Efficiency becomes more than a promise in virtual production (VP) – it’s the celebrated result of an agile new workflow that creates opportunities to use time and money more effectively.
With virtual production, many aspects of the post-production process are merged into the pre-production phase, which pushes key stakeholders to align on critical creative and logistic decisions before turning the cameras on.
Because VP gives us control over the environment, from the practical elements (or props) to the on-screen environments we’ve created in Unreal Engine, we’re able to avoid a lot of surprises and time-consuming, tactical creative conversations that have to be talked through on-location.
Think of it this way — When shooting in a brick and mortar location many elements within a retail store may not be camera friendly or align with your intended concept. Arriving on location, hours may be wasted moving unwanted items from the background or stocking the shelves with products to add color. You may discover a structural column in the middle of your ideal shot or find yourself removing things that are off-brand. You can spend a lot of time adjusting to the reality of the location only to find out it’s still not working on-camera.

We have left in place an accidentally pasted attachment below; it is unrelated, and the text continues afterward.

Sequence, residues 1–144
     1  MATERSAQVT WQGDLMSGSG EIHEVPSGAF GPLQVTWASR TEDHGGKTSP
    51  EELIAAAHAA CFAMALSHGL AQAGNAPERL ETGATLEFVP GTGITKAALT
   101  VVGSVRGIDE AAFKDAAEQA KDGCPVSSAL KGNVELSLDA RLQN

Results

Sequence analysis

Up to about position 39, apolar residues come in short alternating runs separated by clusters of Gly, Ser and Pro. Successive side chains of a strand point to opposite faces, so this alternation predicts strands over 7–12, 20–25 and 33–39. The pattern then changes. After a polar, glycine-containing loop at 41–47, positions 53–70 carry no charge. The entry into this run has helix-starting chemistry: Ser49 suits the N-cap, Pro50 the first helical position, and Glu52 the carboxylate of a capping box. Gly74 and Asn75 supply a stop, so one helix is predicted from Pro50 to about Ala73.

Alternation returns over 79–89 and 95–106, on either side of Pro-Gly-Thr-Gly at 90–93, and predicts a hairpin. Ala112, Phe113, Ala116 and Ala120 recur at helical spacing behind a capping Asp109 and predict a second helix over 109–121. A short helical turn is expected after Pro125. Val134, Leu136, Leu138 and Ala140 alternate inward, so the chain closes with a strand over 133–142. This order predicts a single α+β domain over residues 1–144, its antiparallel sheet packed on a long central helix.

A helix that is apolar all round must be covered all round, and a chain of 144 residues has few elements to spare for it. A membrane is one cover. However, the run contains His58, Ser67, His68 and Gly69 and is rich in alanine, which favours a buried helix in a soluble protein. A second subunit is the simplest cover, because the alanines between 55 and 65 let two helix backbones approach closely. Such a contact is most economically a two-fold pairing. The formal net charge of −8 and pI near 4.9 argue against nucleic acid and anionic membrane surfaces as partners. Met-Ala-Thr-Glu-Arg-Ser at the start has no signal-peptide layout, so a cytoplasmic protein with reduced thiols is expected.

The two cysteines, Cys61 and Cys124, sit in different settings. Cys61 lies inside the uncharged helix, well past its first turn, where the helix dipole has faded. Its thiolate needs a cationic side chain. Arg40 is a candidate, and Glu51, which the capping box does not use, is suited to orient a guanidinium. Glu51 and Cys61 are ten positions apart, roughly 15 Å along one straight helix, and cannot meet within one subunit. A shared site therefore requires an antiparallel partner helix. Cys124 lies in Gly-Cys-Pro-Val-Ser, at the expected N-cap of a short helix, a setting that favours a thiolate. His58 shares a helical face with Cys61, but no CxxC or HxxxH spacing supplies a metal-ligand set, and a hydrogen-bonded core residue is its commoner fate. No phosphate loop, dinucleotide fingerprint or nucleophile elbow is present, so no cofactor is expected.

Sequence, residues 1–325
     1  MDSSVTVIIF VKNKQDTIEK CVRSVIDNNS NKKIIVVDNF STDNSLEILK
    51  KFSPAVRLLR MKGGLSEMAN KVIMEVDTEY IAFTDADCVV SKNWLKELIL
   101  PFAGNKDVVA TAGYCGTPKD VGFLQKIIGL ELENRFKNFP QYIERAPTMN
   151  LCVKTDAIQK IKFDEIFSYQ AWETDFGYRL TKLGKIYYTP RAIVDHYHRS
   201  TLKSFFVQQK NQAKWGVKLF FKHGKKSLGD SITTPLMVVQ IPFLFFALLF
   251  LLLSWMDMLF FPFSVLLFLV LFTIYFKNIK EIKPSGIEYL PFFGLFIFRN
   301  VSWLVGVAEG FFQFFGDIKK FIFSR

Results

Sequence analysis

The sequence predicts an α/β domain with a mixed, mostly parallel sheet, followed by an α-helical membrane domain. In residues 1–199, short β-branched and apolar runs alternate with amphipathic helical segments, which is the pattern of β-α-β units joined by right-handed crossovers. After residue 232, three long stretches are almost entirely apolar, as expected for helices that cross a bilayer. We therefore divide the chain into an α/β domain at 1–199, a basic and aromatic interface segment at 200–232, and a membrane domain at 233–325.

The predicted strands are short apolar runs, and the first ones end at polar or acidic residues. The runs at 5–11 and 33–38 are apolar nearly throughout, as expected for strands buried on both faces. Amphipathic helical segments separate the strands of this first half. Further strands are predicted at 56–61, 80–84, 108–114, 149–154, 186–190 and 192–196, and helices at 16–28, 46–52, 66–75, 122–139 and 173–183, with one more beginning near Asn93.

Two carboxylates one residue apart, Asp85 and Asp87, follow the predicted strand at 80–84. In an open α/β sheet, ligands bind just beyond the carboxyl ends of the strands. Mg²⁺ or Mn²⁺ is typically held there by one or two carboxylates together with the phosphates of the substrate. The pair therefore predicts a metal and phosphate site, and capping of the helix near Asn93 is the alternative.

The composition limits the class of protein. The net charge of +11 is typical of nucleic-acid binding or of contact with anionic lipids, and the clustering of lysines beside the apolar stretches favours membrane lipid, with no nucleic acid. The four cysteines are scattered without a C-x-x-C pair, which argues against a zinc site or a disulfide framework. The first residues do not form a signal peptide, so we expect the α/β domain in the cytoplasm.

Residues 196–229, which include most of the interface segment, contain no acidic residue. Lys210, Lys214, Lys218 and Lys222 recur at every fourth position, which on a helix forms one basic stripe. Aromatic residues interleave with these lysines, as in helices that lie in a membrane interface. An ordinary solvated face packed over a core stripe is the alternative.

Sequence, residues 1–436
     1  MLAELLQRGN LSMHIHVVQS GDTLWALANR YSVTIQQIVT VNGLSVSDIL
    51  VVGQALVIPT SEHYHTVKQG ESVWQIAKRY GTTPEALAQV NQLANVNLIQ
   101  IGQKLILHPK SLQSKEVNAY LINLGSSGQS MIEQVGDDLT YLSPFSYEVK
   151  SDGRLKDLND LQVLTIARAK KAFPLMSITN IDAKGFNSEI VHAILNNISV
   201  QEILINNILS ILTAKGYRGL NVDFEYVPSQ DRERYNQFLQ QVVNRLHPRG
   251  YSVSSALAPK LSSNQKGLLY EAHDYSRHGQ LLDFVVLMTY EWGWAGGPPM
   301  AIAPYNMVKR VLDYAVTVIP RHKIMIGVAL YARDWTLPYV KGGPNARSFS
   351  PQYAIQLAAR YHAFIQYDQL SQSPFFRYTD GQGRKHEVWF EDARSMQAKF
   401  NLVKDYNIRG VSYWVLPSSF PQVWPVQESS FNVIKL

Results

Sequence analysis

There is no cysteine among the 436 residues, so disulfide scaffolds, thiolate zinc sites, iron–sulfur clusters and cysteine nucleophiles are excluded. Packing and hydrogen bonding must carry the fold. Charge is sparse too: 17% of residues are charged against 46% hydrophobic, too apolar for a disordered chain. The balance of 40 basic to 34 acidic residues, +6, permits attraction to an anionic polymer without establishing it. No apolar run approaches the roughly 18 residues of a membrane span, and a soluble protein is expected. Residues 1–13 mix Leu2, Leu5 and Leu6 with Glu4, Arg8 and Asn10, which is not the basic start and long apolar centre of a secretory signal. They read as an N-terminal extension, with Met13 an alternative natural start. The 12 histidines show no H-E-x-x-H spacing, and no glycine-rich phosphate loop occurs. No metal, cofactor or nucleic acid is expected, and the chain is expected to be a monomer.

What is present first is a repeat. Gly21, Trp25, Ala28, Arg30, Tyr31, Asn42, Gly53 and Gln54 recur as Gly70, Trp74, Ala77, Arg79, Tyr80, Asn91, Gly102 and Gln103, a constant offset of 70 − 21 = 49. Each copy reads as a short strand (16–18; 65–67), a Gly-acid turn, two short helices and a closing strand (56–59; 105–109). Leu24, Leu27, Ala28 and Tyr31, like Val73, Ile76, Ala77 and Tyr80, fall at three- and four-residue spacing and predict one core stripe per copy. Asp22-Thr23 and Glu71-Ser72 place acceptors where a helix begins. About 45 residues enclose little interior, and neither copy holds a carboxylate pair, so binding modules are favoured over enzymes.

When shooting in VP, all of the elements that will be in your shot have already been decided – from the store signage to the products on the shelves and other environmental details, everything is created beforehand.
Now, instead of scrambling to make adjustments while the stress builds and the budget starts to burn, you can spend that time focused on getting the best performance possible from your talent. In this respect, virtual production can eliminate a lot of trial and error and help to maximize the efficiency of your production.